From his bed inside a cardboard box, David Huizinga is getting a different view of what it is like to be homeless.
The teen was just one of about 10 members of the Wyoming Baptist Church Youth Group who spent the night, homeless, in McKay Park. Youth Group leader Michelle Gingrich says the teens expected to take part in the 30 Hour Famine event Saturday but when they arrive at church they were loaded into cars and taken to the park and told they would be homeless for the weekend.
Gingrich says the teens were told to hand over phones, homework – everything but the clothes on their back. “They balked at it a little – ‘I’m not doing that. I’m not sleeping outside!’ We took some time to get out the door because some of the teens kept trying to take things with them.”
They left eventually and once they got to the park, they began building their new homeless life. They went around town to find things to build their shelters for the night.
Huizinga, still using crutches from a recent foot operation, hobbled around town to find a couple of cardboard boxes. He was given a sleeping bag and on the clear night only the mosquitoes will bother him while he sleeps outside for the night.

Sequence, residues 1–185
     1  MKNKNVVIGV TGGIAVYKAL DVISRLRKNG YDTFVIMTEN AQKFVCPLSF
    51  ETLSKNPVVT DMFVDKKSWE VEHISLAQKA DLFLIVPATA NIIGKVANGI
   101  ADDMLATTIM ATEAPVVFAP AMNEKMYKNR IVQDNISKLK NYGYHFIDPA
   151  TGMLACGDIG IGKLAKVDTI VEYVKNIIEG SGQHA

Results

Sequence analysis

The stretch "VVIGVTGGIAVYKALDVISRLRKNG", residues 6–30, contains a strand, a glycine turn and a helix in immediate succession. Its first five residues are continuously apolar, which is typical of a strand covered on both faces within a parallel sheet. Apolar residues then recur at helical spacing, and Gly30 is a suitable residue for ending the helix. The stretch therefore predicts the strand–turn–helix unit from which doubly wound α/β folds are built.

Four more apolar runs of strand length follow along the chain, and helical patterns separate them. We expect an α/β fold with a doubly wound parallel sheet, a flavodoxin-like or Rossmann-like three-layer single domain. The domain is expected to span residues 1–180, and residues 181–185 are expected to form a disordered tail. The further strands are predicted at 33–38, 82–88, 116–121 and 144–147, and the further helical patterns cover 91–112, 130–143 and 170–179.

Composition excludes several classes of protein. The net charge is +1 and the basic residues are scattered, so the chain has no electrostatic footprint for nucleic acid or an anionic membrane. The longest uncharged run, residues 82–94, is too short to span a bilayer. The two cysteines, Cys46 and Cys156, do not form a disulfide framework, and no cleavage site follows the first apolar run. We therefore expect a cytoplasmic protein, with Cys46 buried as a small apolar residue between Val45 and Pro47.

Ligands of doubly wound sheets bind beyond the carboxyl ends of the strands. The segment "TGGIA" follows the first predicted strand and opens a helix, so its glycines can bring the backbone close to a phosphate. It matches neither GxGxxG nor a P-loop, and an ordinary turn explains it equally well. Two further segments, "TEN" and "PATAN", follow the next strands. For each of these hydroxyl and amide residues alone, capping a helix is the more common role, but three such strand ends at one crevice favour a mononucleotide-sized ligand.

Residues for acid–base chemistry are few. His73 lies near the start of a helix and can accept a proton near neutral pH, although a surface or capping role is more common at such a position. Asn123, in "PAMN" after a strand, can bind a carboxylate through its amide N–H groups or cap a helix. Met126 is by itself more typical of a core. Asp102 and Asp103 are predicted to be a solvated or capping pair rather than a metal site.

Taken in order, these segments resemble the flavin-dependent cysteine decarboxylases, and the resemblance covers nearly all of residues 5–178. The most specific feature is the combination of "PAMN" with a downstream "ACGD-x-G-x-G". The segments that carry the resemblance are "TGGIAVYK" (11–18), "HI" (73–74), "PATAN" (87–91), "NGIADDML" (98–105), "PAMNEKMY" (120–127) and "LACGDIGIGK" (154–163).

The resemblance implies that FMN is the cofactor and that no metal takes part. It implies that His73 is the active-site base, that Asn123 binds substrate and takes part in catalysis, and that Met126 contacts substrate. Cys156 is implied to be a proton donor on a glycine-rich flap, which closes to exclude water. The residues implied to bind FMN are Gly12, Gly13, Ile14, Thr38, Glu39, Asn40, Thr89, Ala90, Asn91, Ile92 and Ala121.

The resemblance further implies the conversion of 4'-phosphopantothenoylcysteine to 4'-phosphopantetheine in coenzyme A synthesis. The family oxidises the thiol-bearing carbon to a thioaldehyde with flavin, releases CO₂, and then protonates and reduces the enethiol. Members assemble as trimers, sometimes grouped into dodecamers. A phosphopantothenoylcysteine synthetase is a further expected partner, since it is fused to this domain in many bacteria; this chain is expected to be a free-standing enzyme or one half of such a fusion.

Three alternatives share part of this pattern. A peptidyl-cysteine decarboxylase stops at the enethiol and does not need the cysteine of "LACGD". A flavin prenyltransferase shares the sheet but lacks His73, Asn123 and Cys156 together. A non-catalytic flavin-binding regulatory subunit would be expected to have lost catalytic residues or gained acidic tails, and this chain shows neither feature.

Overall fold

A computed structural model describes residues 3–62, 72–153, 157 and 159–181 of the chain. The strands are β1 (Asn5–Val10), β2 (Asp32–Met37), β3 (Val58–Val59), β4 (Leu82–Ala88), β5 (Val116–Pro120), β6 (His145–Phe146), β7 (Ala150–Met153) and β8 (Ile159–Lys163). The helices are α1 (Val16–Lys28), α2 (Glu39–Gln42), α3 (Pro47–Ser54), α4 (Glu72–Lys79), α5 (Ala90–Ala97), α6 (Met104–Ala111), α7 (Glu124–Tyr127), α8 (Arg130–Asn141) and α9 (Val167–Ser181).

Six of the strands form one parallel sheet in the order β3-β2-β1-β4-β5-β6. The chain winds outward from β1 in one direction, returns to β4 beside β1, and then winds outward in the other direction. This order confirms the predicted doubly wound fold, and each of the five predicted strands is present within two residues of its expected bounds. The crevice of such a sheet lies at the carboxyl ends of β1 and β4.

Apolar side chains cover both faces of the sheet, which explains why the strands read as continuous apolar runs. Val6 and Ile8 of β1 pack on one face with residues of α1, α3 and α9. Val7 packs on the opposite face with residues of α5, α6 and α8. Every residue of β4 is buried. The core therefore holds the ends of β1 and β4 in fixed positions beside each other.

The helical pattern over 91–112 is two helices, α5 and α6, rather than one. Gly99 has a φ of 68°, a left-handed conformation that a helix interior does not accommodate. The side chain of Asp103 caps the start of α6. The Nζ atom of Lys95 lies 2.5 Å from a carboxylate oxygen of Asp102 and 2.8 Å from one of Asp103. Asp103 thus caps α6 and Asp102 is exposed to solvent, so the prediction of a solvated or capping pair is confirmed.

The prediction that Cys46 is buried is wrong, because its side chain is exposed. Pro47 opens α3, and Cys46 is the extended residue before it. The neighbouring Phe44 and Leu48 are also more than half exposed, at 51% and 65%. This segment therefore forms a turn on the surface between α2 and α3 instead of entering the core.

While Huizinga is surrounded by friends now, he says it had been a long day and he’s sure it would be a lot different if was on his own. “It’s already been a long day – a super, super long day – I can’t imagine what it would be like to be all alone.”
And while Huizinga has to imagine the idea of being homeless, others in his group are more familiar with the concept. Caitlyn Essery helped Ashlyn Hordyk, Danielle Schuilenberg and Kenzie Klazinga build their tent with blue tarps and picnic tables.
For Essery, the homelessness awareness exercise is too familiar. For a while, her family didn’t have a home of their own. “There were 10 people in a two-bedroom house with one bathroom,” she says. “They made an extra bedroom in the garage and my family was in a trailer – it got really cold in the winter.”
But Essery and her friends were doing well late into the evening. The girls agree that even the smallest things can be frustrating when you’re hungry.
“I saw how people just dumped out food,” says Schuilenberg. She found cereal dumped out on the sidewalk and it frustrated her. “Are you kidding me? We could have eaten that? I’m hungry and you’re getting rid of that?”
From his box home, Huizinga agrees the homeless experience has helped “put things in perspective.
“It makes you realize what you have.”